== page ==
Fantex Wants You To Invest in Stock of MLB Players

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Maikel Franco Fantex MLB
Philadelphia Phillies third baseman Maikel Franco in warmups before a baseball game against the Washington Nationals, Saturday, April 16, 2016, in Philadelphia. (AP Photo/Laurence Kesterson)

Maikel Franco, Jonathon Schoop, Collin McHugh, Yangervis Solarte, and Tyler Duffey just made moves that might just blow some of your minds.

I’m not talking about anything to do with their teams or their baseball skills. We’re talking business. A company called Fantex has just reached a deal with each of the above players to be apart of this new industry that I guess you could describe as the stock market crossed with professional athletes. You can now buy and sell┬ásecurities in the future earnings of these players.

The company Fantex previously had deals with some NFL players, but this brings in a wave of some MLB guys. All the MLB guys involved in this deal are earning at or just above league minimum.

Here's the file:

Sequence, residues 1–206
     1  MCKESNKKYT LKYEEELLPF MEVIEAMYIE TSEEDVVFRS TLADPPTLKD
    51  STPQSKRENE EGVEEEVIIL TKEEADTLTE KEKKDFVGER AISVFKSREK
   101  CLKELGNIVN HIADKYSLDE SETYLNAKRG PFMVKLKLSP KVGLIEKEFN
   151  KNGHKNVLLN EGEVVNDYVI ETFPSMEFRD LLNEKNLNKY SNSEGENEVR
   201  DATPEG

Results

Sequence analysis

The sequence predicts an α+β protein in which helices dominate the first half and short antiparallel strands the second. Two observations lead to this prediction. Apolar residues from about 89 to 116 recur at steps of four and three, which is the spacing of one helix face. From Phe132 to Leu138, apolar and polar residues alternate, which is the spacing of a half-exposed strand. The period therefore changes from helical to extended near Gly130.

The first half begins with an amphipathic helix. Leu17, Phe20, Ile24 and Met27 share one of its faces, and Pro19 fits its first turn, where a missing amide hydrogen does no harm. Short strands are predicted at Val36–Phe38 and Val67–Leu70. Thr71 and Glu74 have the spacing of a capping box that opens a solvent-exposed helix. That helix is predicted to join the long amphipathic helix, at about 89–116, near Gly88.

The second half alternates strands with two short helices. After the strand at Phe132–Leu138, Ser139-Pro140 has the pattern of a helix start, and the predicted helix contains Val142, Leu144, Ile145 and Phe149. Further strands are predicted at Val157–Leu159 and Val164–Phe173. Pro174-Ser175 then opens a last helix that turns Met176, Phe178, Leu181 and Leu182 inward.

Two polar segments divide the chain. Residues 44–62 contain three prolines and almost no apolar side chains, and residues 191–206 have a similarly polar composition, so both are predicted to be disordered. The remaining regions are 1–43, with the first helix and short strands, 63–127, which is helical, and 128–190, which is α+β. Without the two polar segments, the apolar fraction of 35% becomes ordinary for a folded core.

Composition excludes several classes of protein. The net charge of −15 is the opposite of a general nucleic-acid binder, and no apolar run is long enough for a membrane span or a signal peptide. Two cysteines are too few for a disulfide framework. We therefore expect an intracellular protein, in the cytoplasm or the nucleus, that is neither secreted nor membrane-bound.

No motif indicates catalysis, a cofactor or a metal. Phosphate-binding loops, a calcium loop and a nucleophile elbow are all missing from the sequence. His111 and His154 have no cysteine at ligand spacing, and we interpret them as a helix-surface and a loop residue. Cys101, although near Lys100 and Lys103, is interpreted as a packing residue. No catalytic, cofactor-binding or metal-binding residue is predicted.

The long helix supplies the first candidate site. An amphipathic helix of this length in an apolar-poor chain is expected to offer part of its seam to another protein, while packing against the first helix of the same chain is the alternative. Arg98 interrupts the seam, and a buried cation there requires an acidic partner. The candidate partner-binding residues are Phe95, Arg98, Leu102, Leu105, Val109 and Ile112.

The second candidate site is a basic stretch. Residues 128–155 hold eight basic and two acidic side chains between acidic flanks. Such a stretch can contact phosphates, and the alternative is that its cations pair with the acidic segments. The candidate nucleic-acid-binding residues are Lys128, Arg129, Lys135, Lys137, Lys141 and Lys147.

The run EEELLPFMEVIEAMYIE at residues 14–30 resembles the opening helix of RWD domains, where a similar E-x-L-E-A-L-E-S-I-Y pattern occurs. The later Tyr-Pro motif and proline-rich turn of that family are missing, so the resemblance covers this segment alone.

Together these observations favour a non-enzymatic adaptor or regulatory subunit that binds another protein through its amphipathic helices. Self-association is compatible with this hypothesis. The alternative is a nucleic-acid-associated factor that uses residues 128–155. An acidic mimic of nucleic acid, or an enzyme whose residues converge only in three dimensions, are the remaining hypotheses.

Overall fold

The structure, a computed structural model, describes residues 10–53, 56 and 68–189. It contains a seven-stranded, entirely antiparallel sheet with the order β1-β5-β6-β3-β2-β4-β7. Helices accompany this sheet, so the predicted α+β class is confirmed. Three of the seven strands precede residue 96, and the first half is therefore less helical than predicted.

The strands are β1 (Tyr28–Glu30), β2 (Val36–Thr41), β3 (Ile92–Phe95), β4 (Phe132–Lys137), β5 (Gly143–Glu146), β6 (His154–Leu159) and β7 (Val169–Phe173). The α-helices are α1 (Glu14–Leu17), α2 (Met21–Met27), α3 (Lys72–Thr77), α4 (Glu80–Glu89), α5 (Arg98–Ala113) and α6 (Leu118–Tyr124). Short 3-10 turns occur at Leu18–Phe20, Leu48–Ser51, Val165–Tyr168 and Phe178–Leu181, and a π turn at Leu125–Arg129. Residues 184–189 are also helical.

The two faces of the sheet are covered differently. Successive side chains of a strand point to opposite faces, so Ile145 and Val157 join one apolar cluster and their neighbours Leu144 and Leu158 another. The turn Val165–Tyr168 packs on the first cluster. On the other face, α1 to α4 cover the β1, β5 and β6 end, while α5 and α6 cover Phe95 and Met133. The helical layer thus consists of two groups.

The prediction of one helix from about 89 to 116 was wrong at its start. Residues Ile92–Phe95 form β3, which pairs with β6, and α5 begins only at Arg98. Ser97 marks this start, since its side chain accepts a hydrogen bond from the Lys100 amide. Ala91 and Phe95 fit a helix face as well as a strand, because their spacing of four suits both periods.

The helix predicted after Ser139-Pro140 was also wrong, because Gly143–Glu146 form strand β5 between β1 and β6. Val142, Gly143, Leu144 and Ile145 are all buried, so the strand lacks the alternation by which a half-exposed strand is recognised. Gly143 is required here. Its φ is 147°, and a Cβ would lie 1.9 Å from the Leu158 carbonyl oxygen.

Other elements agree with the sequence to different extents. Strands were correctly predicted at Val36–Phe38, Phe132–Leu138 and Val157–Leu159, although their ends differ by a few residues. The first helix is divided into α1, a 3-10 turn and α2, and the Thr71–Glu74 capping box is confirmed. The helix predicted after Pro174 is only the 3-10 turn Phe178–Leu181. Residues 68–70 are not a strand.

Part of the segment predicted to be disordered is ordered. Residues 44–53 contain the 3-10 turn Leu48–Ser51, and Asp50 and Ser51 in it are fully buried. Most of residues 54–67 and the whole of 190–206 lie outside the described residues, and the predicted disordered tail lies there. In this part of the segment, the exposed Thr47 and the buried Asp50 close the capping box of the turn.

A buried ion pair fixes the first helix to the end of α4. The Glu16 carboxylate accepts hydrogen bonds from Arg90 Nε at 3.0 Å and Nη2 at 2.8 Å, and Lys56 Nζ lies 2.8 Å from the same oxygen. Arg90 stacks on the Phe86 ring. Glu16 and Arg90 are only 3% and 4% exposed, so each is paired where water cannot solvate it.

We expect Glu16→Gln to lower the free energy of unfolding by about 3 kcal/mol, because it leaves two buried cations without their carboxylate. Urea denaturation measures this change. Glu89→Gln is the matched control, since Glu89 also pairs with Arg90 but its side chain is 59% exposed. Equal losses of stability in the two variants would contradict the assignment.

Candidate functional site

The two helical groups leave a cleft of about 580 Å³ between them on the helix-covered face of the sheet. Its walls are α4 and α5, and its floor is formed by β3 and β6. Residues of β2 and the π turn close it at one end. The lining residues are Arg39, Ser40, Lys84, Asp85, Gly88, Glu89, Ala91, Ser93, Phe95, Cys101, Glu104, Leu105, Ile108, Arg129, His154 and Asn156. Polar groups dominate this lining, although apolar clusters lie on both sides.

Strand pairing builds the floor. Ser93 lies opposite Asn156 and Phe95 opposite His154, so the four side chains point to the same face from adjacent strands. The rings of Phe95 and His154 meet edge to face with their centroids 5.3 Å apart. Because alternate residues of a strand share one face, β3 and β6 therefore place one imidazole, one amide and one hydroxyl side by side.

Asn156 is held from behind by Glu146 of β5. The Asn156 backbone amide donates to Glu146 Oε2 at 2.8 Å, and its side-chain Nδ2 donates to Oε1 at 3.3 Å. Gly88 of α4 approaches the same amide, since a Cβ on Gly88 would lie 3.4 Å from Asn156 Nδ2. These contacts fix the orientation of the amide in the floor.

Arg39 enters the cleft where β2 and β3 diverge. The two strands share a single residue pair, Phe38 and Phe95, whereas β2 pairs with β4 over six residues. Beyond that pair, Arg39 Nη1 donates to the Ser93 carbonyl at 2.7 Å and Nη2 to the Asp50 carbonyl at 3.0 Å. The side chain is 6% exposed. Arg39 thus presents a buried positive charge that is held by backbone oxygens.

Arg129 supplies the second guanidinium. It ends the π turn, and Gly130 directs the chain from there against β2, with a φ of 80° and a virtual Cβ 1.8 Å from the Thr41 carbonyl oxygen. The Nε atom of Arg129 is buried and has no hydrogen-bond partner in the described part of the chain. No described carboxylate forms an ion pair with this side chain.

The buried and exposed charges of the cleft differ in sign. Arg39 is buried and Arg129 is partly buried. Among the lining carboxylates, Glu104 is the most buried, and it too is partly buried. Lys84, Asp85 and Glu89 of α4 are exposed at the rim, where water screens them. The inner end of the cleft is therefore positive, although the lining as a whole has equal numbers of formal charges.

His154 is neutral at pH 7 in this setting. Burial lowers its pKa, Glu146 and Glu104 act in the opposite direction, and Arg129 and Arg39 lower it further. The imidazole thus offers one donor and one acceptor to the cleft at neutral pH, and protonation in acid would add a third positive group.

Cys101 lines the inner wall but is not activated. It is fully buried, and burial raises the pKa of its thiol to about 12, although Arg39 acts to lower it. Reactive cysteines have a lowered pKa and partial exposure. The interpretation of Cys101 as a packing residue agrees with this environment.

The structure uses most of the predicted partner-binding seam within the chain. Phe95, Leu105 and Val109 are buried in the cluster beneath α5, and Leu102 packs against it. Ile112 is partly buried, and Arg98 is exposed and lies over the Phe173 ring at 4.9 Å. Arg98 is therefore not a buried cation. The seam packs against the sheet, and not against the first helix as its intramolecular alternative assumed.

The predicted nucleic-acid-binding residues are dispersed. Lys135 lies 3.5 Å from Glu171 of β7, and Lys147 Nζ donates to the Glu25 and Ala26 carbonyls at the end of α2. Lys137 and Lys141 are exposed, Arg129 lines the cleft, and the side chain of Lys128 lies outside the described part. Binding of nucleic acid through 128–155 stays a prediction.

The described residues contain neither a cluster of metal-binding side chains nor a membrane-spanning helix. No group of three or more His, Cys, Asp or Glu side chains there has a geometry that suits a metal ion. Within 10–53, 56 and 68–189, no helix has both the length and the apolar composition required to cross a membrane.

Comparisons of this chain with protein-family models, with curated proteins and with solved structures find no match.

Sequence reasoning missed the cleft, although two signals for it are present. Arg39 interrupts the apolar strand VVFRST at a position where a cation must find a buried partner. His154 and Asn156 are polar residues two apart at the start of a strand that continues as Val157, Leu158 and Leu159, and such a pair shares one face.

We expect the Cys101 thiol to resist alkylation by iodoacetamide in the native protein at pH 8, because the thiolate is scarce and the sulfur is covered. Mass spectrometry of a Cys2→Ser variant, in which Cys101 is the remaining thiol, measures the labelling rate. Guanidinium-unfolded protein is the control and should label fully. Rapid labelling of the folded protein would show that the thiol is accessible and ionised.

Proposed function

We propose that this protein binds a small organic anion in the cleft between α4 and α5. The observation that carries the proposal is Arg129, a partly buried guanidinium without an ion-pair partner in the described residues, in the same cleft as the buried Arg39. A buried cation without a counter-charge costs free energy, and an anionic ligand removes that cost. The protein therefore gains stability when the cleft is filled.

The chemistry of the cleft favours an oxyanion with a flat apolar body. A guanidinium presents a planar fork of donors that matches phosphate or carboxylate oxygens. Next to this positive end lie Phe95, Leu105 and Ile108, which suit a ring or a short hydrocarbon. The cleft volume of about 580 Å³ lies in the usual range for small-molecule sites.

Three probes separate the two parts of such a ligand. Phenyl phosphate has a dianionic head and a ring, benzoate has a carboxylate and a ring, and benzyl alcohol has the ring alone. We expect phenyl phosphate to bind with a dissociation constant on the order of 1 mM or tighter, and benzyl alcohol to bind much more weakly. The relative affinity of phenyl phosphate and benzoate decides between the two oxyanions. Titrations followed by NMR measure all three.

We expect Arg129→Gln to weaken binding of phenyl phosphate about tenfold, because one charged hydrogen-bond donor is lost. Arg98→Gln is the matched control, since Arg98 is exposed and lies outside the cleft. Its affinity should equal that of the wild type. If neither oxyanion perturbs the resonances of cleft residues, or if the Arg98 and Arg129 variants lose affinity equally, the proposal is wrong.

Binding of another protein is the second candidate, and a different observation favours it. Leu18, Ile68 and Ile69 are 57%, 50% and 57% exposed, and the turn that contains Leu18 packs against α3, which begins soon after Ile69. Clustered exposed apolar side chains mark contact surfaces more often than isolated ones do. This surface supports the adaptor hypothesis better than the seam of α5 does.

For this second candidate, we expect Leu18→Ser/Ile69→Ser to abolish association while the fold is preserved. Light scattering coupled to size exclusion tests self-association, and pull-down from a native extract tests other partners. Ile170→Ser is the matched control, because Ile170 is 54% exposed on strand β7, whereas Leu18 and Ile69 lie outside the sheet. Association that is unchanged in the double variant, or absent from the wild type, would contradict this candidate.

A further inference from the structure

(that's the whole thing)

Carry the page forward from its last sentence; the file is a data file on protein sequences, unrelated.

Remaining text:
Fantex purchased rights to the following:

Maikel Franco – 10% of future earnings for $4.35 million

Jonathon Schoop – 10% of future earnings for $4.91 million

Collin McHugh – 10 % of future earnings for $3.96 million

Yangervis Solarte – 11% of future earnings for $3.15 million

Tyler Duffey – 10% of future earnings for $2.23 million

Andrew Heaney – 10% of future earnings for $3.34 million

Seed SackThey’re still unclear on how they will package the deal to be available to investors, but the deal included 10% of future earnings throughout their playing career including on field and off field earnings. They do have full approval of the MLBPA which says that players are free to deal with Fantex at their own risk.

This is super interesting to me. I’m interested to see if they give investors the option to buy stake in each individual athlete, or sport as a whole, or maybe the whole package. You’d buy shares in Andrew Heaney for whatever price Fantex sets, and then risk gains or losses based on his career earnings. It seems the players involved in this deal gain some sort of upfront security as well. This just solidifies the notion that these professional athletes are more businesses than they are humans.